When classes ended for the day and Angie and I had to find our way back home based on the instructions of our mothers, we promptly took the wrong way home and got lost.   We had entered school in the morning through the side door of the building, but we exited the building with the rest of the kids through the front door and lost our bearings on which way to take back home.  An hour later, our mothers found us wandering around the streets near the school.

There was always the tension of my not speaking Spanish well, and I tried to hide that inadequacy from my teachers and classmates.  My parents did not force me to speak Spanish, but Nana Cuca never learned to speak English and she would mock me constantly in Spanish.  So, I understood Spanish much better than I could speak the language.  My mother required her children to attend catechism classes at a neighborhood church; the classes were taught in Spanish by the nuns.  I was able to fake my way through the classes by reciting by memory all of the prayers in Spanish and was considered by the sisters to be a good Mexican boy.  They told my mother that I was one of the more polite and well-behaved students in the class.  I kept quiet because I knew my Spanish was bad and that my friends would laugh at me.  I begged my mother to let me go to the church near Rusk so I could be taught by the sisters in English, instead of having to go to Our Lady of Guadalupe near our house.  Eventually I wore her down with my pleas and she allowed me to attend catechism classes in English at the other church, The Lady of Our Assumption, but I had to take a 40-minute bus ride, accompanied by my little sister.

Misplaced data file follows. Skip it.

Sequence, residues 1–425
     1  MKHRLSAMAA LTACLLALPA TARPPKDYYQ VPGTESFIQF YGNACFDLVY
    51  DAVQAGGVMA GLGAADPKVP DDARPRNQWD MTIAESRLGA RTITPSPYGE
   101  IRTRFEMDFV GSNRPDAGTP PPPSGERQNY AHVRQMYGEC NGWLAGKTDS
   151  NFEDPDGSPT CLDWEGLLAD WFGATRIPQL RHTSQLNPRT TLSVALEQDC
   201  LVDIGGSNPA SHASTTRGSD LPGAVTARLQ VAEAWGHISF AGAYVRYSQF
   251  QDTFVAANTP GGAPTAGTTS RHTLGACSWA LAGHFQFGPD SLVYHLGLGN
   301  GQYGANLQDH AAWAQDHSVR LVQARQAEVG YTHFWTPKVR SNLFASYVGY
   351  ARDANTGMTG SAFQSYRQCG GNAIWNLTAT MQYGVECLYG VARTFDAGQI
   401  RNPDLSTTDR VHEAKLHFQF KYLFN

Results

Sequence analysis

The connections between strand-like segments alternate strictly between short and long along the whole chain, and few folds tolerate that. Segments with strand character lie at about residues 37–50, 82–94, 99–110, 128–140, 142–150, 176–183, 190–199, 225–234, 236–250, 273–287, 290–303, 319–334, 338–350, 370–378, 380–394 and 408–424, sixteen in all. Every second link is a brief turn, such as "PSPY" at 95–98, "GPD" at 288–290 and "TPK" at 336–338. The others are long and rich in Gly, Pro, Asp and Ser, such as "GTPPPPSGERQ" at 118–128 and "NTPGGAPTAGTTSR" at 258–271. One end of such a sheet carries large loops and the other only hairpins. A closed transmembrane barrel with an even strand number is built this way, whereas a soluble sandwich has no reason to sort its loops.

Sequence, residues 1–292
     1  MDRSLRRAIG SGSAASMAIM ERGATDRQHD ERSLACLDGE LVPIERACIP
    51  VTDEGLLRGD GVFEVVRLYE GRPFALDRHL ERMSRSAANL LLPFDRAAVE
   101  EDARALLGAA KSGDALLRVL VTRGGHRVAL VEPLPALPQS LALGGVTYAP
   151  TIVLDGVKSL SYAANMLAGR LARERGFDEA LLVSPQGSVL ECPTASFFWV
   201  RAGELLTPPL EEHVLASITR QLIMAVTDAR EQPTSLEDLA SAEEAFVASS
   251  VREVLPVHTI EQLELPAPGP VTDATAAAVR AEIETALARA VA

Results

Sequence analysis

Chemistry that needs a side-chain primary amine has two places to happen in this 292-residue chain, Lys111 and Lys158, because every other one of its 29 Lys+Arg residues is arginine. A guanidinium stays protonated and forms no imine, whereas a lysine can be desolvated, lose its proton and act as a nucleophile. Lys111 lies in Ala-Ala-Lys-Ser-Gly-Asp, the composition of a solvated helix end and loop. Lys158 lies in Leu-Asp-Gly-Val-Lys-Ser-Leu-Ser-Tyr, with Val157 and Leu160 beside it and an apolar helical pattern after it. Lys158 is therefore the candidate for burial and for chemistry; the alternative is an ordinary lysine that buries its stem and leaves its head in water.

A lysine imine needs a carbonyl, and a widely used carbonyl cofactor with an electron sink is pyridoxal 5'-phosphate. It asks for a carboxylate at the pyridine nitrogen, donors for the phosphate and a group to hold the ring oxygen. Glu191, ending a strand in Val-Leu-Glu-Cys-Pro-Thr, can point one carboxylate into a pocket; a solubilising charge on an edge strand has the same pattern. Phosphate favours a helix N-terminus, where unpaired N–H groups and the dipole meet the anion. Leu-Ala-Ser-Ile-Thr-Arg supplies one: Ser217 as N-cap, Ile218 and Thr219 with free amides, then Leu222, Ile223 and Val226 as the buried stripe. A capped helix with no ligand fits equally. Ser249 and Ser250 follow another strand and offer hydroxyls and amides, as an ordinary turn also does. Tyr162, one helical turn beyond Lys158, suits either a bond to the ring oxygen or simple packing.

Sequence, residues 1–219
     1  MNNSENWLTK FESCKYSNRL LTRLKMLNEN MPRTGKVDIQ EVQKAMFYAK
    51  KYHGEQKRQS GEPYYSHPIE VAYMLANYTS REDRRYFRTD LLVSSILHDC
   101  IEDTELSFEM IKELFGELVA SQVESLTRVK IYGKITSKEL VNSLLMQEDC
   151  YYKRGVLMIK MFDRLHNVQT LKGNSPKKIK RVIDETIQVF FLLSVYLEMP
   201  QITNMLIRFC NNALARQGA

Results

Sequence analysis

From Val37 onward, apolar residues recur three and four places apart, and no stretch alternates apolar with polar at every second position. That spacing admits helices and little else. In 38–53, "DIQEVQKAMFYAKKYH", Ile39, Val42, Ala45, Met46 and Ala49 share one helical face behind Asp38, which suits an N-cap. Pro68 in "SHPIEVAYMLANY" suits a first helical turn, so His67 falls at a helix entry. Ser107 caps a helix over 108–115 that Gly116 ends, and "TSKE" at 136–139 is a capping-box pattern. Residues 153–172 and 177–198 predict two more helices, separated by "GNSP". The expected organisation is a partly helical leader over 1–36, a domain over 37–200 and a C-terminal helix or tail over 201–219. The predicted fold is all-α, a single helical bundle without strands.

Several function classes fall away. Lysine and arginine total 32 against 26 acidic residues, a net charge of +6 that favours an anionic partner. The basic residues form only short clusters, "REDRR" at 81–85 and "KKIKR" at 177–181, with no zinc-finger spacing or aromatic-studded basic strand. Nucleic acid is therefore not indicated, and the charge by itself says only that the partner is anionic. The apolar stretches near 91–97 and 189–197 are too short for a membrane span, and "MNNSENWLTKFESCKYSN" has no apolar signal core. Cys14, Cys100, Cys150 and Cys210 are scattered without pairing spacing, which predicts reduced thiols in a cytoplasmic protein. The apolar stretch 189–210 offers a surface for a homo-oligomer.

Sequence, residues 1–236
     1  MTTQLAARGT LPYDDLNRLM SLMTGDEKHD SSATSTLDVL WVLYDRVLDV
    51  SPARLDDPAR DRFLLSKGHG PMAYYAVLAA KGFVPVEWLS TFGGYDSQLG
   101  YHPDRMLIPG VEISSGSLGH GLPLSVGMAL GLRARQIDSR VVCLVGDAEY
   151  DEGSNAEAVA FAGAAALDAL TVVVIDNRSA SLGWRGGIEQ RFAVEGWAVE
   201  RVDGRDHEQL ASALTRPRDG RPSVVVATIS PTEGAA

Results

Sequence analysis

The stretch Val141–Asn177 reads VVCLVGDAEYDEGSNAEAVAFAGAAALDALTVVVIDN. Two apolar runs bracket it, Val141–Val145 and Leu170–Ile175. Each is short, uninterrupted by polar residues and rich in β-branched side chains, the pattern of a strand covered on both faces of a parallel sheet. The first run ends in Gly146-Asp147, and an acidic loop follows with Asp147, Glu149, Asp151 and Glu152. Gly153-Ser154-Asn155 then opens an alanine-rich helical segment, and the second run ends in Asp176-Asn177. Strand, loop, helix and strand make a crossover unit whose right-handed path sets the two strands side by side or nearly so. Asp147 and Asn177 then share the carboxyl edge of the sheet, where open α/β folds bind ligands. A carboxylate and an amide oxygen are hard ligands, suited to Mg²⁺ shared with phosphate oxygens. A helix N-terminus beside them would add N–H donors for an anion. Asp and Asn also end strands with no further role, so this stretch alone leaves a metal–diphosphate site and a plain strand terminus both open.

As I continued to excel academically in my elementary school years, I became very aware of my family’s financial situation through my observations on how well dressed the Anglo kids were, and how after school many of them were picked up by their mothers in shiny new cars.  I distinctly remembered one day an Anglo mother picking up her daughter after school and repeating this phrase over and over: